Meanwhile, in real life, on Sunday me and my son were fortunate enough to bump into a group of four people playing at one point, and we all chased down some Rayquaza raids. They then left to get some lunch, and we were back on our own, in the town’s busy, central park, where we saw no one else playing for hours. Attempts to at least get some charged super-effective attacks were thwarted when the game decided not to count them when we didn’t beat the raids alone (we didn’t even dent its health bar), there were seemingly no Team Rocket members spawning all throughout the event, and we were stuck simply unable to continue with the challenges.
It seemed noteworthy that in 2021, the hourly challenges required players globally to catch 20,000,000 Pokémon. This year, that number was 5,000,000. So somewhere at Niantic, they must know. But the denial that it’s a game that people now need to be able to play alone persists, despite revenue reportedly plummeting, and the company laying off 230 employees while canceling and closing games.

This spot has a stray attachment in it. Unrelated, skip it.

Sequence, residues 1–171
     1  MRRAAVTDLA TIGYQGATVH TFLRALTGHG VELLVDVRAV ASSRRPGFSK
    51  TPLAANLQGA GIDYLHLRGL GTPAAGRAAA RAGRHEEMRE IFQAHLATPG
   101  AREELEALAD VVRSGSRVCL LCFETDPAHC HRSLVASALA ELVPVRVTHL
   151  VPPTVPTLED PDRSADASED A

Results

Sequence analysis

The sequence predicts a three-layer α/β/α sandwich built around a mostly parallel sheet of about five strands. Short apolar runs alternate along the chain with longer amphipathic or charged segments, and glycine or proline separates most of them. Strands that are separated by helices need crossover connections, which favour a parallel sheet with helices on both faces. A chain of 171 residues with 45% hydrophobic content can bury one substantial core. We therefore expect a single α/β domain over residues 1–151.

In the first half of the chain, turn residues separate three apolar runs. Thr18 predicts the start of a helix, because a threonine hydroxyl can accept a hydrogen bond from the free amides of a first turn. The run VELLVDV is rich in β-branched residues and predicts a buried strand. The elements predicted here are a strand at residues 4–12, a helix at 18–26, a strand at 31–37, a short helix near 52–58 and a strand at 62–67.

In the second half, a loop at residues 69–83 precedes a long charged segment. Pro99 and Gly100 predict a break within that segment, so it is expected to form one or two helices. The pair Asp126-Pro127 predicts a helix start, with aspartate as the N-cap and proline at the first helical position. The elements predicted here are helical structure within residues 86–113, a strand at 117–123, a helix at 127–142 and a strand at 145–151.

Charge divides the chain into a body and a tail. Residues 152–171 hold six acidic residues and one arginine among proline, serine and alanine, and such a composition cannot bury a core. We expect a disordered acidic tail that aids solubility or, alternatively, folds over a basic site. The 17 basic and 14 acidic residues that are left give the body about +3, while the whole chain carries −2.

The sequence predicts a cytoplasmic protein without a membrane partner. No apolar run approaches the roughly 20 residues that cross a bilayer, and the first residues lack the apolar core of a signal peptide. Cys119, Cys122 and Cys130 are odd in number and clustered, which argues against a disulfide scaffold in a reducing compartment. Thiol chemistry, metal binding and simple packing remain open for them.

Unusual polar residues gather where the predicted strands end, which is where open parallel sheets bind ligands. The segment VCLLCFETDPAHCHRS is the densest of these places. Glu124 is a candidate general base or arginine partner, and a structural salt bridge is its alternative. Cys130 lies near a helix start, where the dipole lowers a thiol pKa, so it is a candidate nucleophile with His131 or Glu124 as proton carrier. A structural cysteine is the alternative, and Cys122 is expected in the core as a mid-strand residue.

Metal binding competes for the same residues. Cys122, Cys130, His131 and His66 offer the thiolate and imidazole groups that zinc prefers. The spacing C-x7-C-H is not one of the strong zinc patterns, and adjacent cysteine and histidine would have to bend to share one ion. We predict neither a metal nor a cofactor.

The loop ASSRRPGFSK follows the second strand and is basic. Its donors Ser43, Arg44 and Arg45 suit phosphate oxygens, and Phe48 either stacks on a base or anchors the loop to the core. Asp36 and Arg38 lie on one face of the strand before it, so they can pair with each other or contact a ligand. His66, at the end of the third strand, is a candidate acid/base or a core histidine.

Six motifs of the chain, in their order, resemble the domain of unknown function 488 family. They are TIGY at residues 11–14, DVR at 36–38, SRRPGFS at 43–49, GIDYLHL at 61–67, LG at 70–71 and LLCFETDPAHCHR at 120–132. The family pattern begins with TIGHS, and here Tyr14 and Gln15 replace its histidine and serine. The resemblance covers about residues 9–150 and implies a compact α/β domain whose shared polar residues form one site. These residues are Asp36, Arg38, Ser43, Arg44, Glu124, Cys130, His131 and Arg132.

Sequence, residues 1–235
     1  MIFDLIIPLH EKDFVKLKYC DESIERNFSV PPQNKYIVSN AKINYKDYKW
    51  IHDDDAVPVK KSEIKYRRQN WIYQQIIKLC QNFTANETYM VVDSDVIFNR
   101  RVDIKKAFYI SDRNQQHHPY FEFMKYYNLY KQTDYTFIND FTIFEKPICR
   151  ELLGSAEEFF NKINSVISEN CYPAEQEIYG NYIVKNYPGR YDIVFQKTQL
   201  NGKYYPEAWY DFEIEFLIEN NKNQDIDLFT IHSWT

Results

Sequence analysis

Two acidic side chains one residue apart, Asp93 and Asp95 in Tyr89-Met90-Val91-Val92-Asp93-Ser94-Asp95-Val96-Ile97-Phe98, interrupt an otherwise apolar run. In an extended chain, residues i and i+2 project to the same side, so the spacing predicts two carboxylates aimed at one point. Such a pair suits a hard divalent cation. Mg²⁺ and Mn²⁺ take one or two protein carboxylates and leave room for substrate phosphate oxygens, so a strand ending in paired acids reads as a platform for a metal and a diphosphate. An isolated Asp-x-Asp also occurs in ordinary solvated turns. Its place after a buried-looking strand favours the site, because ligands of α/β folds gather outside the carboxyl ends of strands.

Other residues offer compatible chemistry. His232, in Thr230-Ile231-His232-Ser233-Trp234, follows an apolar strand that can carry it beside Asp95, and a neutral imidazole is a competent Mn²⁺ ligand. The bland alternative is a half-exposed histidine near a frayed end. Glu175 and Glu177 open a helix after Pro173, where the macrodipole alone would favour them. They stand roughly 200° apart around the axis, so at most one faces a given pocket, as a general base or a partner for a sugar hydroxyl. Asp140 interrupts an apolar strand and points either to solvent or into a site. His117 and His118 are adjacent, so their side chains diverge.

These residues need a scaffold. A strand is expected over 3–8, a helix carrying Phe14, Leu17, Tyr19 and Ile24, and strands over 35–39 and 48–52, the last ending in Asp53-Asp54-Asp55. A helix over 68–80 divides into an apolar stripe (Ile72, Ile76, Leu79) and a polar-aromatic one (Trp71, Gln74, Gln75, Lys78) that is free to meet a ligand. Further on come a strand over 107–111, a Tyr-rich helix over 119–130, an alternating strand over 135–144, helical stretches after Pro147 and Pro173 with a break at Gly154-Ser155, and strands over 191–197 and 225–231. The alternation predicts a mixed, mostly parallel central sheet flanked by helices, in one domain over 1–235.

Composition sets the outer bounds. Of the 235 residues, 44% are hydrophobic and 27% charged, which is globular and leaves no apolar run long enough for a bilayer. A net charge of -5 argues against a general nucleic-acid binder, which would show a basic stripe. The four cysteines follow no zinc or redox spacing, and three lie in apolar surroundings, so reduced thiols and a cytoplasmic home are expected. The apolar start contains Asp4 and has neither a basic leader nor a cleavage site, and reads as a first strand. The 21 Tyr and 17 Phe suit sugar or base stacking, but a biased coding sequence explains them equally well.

Running their one long-term successful game as something that only works if you live in one of three major cities on the planet doesn’t seem a smart commercial choice at this point. And me, I’m left wondering exactly what I spent $15 on (well, actually, it was £15, so it was $19, thanks to the delightful way Niantic likes to fuck over non-U.S. players—see also coin prices). A Diancie? Um, that’s a very expensive drawing of a Pokémon in a game that’s getting ever less fun to play.